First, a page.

With support from the World Bank, MIMRA’s Reimaanlok strategy takes traditional knowledge that has endured and grown over centuries, and strengthens it with rigorous scientific studies of the local environment. This then serves as the basis of community conservation efforts, helping them to be more widely supported, better focused, and have a measurable impact on Marshallese lives.
A changing of the fishing guard in Kiribati
Kiribati has just 811-square kilometers of land, yet it has the 12th largest exclusive economic zone (EEZ) in the world, with fishing-related products making up over 94% of the country’s exports. And with the support of the World Bank through PROP, the government is improving working conditions for ocean fisheries observers, and tackling inshore fisheries issues, too.
Maaria Henry is one of a team of Fisheries Enforcement officers, whose role is to work with domestic ship owners, officers, crew, and commercial vendors to ensure their harvest is sustainable. Having recently graduated with a degree in Marine Biology, Maaria’s passion for the sea is evident in everything she does. “I feel like Moana,” she says. “I’m in love with the ocean.”
With support through PROP, the government of Kiribati has amplified Maaria’s voice; empowering her to work with the people who catch and sell fish locally, work that Maaria says is a learning process; one where her team are regularly reviewing and refining their methods as they go.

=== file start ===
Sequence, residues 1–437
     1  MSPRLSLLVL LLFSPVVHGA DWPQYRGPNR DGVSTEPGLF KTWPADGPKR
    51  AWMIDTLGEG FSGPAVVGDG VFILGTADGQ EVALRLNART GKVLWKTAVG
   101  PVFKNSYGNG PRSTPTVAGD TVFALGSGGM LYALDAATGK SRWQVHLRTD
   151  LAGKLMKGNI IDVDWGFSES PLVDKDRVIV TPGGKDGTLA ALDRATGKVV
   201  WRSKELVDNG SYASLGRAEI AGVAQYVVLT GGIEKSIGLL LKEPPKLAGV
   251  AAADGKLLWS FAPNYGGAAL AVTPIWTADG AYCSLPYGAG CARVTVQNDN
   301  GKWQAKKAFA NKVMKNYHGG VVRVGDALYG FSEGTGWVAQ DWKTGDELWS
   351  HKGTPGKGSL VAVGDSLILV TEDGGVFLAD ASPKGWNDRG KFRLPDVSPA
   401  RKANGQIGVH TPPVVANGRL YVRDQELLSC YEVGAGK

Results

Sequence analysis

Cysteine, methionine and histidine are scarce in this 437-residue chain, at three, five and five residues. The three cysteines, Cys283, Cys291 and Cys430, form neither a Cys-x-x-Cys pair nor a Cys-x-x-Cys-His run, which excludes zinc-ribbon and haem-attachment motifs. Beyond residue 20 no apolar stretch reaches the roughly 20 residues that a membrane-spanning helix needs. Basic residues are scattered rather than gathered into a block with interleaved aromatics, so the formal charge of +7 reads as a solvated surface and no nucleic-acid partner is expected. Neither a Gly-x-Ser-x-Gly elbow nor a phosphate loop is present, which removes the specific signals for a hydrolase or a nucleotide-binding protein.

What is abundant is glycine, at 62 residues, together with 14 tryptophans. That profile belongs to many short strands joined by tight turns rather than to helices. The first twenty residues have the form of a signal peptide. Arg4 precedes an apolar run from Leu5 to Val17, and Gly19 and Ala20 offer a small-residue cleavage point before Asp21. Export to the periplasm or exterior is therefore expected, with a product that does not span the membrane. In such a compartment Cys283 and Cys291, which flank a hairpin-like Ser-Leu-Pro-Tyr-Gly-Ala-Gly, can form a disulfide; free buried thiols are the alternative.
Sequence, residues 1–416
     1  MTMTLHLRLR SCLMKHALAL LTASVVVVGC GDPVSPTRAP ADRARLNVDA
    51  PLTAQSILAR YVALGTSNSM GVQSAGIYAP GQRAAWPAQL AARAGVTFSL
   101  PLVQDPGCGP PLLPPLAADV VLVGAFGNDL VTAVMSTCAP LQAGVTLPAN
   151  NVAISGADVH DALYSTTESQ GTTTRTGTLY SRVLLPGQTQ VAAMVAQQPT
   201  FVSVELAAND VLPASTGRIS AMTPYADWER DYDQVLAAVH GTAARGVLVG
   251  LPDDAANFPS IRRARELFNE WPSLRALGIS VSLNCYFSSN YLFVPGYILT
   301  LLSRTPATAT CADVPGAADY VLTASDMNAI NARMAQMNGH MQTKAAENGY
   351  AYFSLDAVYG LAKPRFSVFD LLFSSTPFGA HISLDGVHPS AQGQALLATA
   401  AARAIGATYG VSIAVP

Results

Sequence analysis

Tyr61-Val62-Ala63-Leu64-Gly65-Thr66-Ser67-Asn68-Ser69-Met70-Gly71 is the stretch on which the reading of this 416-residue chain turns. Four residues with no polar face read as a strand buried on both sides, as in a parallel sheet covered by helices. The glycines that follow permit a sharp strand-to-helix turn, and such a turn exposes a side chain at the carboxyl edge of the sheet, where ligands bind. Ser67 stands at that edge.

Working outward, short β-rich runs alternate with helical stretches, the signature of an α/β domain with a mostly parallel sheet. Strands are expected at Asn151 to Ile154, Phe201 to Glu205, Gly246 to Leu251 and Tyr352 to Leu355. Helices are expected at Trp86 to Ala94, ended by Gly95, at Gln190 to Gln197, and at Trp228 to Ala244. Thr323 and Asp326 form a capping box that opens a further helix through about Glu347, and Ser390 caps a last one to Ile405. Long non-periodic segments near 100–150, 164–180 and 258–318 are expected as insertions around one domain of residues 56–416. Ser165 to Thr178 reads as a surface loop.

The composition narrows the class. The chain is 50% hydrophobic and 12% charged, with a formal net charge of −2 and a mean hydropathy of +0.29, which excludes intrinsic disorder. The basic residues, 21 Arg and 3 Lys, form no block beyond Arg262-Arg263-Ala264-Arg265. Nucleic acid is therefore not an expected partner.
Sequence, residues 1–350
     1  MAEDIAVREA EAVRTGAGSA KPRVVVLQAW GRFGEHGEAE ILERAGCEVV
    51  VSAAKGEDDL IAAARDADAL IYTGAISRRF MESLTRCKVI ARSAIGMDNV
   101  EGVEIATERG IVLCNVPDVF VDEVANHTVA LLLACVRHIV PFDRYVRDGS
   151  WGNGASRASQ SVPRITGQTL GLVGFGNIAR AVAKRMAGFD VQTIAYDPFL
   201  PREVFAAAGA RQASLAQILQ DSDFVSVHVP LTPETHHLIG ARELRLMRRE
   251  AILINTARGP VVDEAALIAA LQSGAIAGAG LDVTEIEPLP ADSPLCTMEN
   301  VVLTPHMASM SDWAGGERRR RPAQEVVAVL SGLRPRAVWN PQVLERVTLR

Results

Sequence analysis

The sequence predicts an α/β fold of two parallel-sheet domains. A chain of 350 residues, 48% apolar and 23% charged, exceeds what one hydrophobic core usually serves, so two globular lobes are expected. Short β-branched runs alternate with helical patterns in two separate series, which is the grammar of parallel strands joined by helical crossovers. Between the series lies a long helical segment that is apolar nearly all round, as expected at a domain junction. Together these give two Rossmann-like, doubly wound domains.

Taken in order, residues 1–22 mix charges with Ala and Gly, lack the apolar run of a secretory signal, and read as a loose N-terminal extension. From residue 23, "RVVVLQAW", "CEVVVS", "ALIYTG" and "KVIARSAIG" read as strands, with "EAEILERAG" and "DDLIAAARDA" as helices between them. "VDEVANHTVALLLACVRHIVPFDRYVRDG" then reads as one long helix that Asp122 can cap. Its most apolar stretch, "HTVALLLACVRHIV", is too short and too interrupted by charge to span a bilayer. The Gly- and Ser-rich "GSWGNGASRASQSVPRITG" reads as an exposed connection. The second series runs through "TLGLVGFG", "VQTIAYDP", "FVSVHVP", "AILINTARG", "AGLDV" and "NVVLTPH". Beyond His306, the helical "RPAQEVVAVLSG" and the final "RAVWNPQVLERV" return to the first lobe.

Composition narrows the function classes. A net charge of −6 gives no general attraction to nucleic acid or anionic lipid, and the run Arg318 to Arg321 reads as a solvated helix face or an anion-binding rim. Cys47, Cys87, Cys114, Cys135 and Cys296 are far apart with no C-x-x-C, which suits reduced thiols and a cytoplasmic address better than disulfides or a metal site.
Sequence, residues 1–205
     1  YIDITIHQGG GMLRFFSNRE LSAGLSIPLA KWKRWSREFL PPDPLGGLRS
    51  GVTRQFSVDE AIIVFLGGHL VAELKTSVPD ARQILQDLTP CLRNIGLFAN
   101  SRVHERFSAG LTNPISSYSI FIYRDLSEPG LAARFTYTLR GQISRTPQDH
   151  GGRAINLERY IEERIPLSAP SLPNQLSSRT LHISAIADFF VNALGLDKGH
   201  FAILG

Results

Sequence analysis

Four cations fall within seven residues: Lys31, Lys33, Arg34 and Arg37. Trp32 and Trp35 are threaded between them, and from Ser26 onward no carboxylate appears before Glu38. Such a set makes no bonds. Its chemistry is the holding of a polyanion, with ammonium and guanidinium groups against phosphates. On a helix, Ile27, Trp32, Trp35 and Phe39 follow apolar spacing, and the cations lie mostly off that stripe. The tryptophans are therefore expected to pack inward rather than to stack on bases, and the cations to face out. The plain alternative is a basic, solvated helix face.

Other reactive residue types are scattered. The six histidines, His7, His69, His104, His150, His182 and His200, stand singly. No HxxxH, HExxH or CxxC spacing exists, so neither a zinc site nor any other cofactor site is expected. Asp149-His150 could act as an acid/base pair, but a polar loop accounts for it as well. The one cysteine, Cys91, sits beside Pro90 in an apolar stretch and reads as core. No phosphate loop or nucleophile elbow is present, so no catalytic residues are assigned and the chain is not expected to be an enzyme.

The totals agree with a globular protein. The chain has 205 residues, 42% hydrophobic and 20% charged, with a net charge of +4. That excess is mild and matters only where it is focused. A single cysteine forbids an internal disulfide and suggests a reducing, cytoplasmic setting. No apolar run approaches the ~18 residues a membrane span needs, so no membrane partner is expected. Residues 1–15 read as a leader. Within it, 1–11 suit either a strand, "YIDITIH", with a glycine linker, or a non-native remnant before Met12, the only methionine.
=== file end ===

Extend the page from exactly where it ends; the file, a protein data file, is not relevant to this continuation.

Pearls of ideas in Tonga
Similar thinking is driving new approaches to aquaculture in Tonga, too. When COVID-19 restrictions abruptly ended cruise ship travel, Tonga’s Mabé pearl vendors, who had been slowly growing their industry, lost their only market. Yet with World Bank support through PROP, the Tongan Ministry of Fisheries was able to create new markets in Hawai’i.
“Our tourism business is locked down,” says Fai’ana Fukofuka, who runs her family’s boutique resort, whale watching service and most recently, a pearl farm in Tonga’s Vava’u group of islands.
“I’m very grateful and thankful that I’m involved in pearl farming, which is another option for me. With the pearls, we do exports. We don’t need the tourists to come. We still can export our product.”
Better monitoring and protection of fisheries in Solomon Islands
Looking ahead, PROP is now entering a second phase: PROPER – focused on economic resilience – which will strengthen Solomon Islands’ capacity to manage and sustainably develop its oceanic and coastal fisheries sectors.
Work delivered under PROPER includes the expansion of the electronic monitoring and reporting on long line fishing – work that will improve both the accuracy of reporting (compared to traditional surveys, paper logbooks and observers counting what fish vessels are catching and tossing back). This work will improve the safety of those working as Observers – critical work given how prone to illegal activity long line fishing can be.
The first phase of the US$74 million Pacific Islands Regional Oceanscape Program is supported through a US$68m grant from the World Bank’s International Development Association (IDA), the World Bank’s fund for the world’s most in-need countries, together with a US$6 million grant from the Global Environment Facility.